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Water Desalination Powered by Renewable Energy

A special issue of Applied Sciences (ISSN 2076-3417). This special issue belongs to the section "Energy Science and Technology".

Deadline for manuscript submissions: closed (25 March 2021) | Viewed by 11964

Special Issue Editors


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Guest Editor
Department of Natural Resources Development and Agricultural Engineering, School of Environment and Agricultural Engineering, Agricultural University of Athens, 75 Iera Odos Street, 11855 Athens, Greece
Interests: renewable energy and environmental technologies’ development and implementation, including applications in agriculture and food processing; water processing powered by renewable energy (solar photovoltaic and wind) and other energy sources; development and application of microgrids; development of systems for power supply based on the organic Rankine cycle (ORC) and on biofuels’ deployment for power production
Special Issues, Collections and Topics in MDPI journals

E-Mail Website
Guest Editor
Department of Natural Resources Development and Agricultural Engineering, School of Environment and Agricultural Engineering, Agricultural University of Athens, 75 Iera Odos Street, 11855 Athens, Greece
Interests: microgrids; electric vehicles; renewable energy; decentralized energy management system; multi-agent systems; smart grids; computational intelligence approaches; energy management and control of energy systems
Special Issues, Collections and Topics in MDPI journals

Special Issue Information

Dear Colleagues,

Water is essential for our existence and for public health, being used for drinking, agriculture, food processing, and domestic and recreational purposes. Nowadays, nearly 40% of the world’s population suffers from a shortage of water, and this is expected to increase by 2025, as half of the world’s population will be living in water-stressed areas. Climate change is expected to cause water shortages in many countries, with significant reductions in groundwater availability and negative impacts on the environment. At the same time, 1.1 billion people lack access to electricity in many areas in the world. A reliable supply of clean water and sustainable energy can boost the economic growth and contribute greatly to poverty reduction, particularly in remote and rural communities. In many circumstances, conventional water resources cannot satisfy fresh-water demands, and this has led to the development and application of sea and brackish water desalination. On the basis of on the fact that seawater represents around 97% of the earth's water, desalting seawater to produce fresh water has emerged as an attractive solution to water scarcity. Seawater desalination can provide a climate-independent source of drinking water, but the process has a high energy demand and can have environmental impacts. Powering desalination systems with renewable energy can provide an attractive, sustainable, and viable solution to produce fresh water. This is expected to become also an economically attractive pathway, compared to fossil fuel-powered desalination systems, as the costs of renewable energy technologies continues to decline. In addition, desalination powered by renewable energy will lead to environmental benefits such as the decrease of the reliance on fossil fuels and the reduction of the associated greenhouse gases emissions. This Special Issue on “Water Desalination Powered by Renewable Energy” focuses on the latest methods, processes, practices, and technologies in the field of desalination powered by renewable energy, as well as on the sustainability and the environmental benefits of utilizing renewable energy as a valuable resource for desalination processes. For this Special Issue, we warmly invite the submission of original comprehensive reviews, case studies, and research articles focusing on the use of renewable energy in water desalination.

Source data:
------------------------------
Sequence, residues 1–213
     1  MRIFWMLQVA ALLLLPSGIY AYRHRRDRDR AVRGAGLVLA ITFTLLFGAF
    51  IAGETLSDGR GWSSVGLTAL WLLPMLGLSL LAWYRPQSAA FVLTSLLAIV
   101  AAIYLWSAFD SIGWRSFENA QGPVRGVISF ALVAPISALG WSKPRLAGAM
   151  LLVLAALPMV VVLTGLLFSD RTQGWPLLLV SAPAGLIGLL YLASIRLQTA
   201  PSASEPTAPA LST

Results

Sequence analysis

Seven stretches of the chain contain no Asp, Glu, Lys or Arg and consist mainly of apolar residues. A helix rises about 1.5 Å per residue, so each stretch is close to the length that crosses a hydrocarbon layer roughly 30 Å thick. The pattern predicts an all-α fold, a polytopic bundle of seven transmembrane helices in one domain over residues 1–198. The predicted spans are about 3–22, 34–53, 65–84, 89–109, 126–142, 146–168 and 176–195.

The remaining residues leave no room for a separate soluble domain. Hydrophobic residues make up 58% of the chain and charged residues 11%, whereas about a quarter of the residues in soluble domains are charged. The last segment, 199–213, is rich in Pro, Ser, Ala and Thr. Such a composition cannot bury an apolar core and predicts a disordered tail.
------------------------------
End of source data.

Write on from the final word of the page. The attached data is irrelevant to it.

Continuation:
Prof. Dr. George Papadakis
Dr. Christos-Spyridon Karavas
Guest Editor

Manuscript Submission Information

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Keywords

  • Water Desalination 
  • Renewable energy 
  • Energy efficiency 
  • Reverese osmosis, membrane distillation, electrodialysis 
  • Renewable energy–environment nexus 
  • Water–energy nexus 
  • Water cost and price 
  • Energy recovery schemes, optimization and process controls 
  • Energy storage and optimization 
  • Water optimization schemes for island, remote and coastal communities

Published Papers (3 papers)

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Research

19 pages, 1461 KiB  
Article
Is Small Scale Desalination Coupled with Renewable Energy a Cost-Effective Solution?
by George Kyriakarakos and George Papadakis
Appl. Sci. 2021, 11(12), 5419; https://doi.org/10.3390/app11125419 - 10 Jun 2021
Cited by 9 | Viewed by 3915
Abstract
Water and energy are two of the most important inputs for a community to thrive. While water is dominant on earth, only 2.5% of the water is fresh water and over 98% of that water is either ground water or locked up in [...] Read more.